Academic journal article Phi Delta Kappan

Learning to Lead for Racial Equity: To Help K-12 Educators Confront Racial Inequities, School and District Leaders Need to Provide Sustained, Intensive, and Carefully Designed Opportunities for Professional Learning

Academic journal article Phi Delta Kappan

Learning to Lead for Racial Equity: To Help K-12 Educators Confront Racial Inequities, School and District Leaders Need to Provide Sustained, Intensive, and Carefully Designed Opportunities for Professional Learning

Article excerpt

If education leaders aspire to confront and undo severe racial inequities in schools and school systems, they must create opportunities for teachers and staff to engage in productive discussions about questions that many of them will be reluctant to consider. Those could include questions about how race affects their decisions about which students to place into basic and advanced courses, which teachers to assign to which children, which parents they see as "engaged," discipline practices, and on and on.

Given how complex and how deeply felt Americans' beliefs about race and equity are, these topics cannot be addressed effectively through the onetime workshops that too often pass for professional development in K-12 education. Nor is it effective to lecture educators about racial bias, bury them in data and research findings, or treat social justice as just another initiative for the school to adopt. Rather, conversations about these issues have to be frequent, ongoing, and handled with great care and skill.

Later in this article, we offer guidance on research-based practices that can help school- and district-level educators engage in meaningful professional learning about race and equity. But we begin with a vignette that illustrates just how easy it is for educational leaders--even those who are deeply committed to the pursuit of racial justice--to underestimate the complexity of this work.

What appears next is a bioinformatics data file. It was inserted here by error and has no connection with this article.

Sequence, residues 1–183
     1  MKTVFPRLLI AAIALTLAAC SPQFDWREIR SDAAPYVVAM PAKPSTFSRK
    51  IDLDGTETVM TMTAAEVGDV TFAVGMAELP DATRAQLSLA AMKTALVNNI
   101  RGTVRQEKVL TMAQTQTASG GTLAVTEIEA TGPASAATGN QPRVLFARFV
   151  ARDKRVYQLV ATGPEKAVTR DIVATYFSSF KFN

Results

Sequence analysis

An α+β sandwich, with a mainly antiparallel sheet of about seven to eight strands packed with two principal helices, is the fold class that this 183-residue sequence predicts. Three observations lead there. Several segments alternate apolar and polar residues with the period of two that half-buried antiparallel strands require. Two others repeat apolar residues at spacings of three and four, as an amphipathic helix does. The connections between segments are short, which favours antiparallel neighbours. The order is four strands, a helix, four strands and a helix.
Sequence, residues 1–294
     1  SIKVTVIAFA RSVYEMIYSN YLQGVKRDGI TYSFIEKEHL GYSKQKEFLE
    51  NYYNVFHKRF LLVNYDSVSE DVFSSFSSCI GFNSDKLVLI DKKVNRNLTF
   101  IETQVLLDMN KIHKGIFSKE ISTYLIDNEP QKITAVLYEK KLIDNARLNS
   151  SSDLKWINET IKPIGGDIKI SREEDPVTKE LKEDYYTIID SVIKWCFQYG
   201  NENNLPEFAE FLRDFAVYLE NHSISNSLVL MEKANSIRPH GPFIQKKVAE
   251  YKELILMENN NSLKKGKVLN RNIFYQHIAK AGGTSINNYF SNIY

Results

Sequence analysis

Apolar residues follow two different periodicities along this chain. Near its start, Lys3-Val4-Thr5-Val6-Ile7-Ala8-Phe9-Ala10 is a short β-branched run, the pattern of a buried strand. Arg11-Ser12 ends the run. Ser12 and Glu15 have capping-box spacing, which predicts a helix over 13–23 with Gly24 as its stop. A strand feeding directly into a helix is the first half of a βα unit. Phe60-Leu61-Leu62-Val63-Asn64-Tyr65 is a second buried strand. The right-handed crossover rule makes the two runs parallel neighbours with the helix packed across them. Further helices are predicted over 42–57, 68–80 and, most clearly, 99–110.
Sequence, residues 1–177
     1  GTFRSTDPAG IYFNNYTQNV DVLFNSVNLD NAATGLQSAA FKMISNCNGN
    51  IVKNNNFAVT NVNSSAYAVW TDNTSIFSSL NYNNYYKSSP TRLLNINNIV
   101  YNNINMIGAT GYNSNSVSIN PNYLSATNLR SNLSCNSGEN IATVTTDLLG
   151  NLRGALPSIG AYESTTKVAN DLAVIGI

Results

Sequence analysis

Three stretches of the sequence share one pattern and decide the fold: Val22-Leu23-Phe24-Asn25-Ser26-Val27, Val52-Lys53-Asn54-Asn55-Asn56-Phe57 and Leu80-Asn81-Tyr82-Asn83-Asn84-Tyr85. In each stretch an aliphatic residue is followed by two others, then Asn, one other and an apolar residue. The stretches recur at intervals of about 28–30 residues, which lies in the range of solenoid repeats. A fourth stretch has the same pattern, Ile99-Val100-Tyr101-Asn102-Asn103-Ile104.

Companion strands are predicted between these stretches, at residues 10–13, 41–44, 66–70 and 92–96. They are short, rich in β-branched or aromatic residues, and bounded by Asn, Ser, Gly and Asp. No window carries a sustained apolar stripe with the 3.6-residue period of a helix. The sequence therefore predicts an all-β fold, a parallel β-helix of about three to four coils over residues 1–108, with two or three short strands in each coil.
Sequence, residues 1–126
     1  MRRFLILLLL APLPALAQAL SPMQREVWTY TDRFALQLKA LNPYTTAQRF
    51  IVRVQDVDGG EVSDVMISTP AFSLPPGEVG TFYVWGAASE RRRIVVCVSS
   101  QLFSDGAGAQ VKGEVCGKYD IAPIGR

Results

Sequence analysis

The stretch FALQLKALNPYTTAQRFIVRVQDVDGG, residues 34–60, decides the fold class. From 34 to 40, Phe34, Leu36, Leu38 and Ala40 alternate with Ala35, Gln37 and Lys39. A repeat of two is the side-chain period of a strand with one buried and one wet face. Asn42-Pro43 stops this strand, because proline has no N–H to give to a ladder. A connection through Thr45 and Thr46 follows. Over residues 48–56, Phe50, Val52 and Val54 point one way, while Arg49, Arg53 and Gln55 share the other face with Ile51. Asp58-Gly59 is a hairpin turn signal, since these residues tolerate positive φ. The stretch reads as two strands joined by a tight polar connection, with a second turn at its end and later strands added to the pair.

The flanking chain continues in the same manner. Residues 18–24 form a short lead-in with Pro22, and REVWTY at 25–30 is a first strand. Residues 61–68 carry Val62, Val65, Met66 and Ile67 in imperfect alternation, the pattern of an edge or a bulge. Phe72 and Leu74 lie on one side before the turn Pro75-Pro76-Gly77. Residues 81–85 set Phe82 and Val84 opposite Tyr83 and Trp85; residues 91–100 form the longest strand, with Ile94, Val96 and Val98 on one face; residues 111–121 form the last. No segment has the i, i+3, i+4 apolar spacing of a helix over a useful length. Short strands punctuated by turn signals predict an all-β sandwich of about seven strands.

How easily it can go wrong

Bryar Middle School (not the school's real name) serves students from various neighborhoods, who were brought together when several schools were shut down due to school consolidations and closures. Like many schools, it struggles on a number of fronts at the same time: Over the past two years, it has experienced a significant decline in student achievement; faculty morale is low; unplanned teacher absences are frequent, creating a daily scramble to find multiple substitute teachers, and student disciplinary problems are common--though it's important to note that while a little over 40% of the student body is made up of students who identify as white, students of color make up 99% of all documented disciplinary referrals.

Bryar's assistant principal, Ms. Miles (also a pseudonym), wishes that she could devote herself to providing instructional leadership but instead spends most of her time fielding complaints. Every day she hears from teachers who are at their wits' ends dealing with students they refer to as "unmotivated" and "disrespectful." She hears from Hispanic students that their teachers misunderstand and disrespect them; why, they want to know, is the Spanish teacher the only Hispanic teacher in the school? And she hears from parents who worry that the teachers and staff don't know how to relate to their children.

Earlier in the month, she had a difficult conversation with an African-American father who had come to the school to share his concerns about his son, a 6th grader, who had been sent to the office multiple times for "not paying attention." In her last note home, the boy's teacher had warned that the behavior needed to be corrected to avoid further disciplinary action. "But Ms. Miles," the man asked bluntly, "how am I supposed to build a relationship with my son's teacher when the look in her eyes is one of fear, and when she physically backs away every time I approach her?" Without waiting for an answer, he added, "I know that these teachers mean well. But it is hard to communicate with them if they are afraid of me and my child."

The next day, Miles went to her immediate supervisor, principal Nelson, to have a heart-to-heart talk about the increasingly tense environment in and around the school. It was time to do something, she argued, to change Bryar's culture and offer better support to teachers, staff, students, and families. She asked Nelson for permission to attend a regional equity training, which she hoped would equip her with ideas for improving the school community. …

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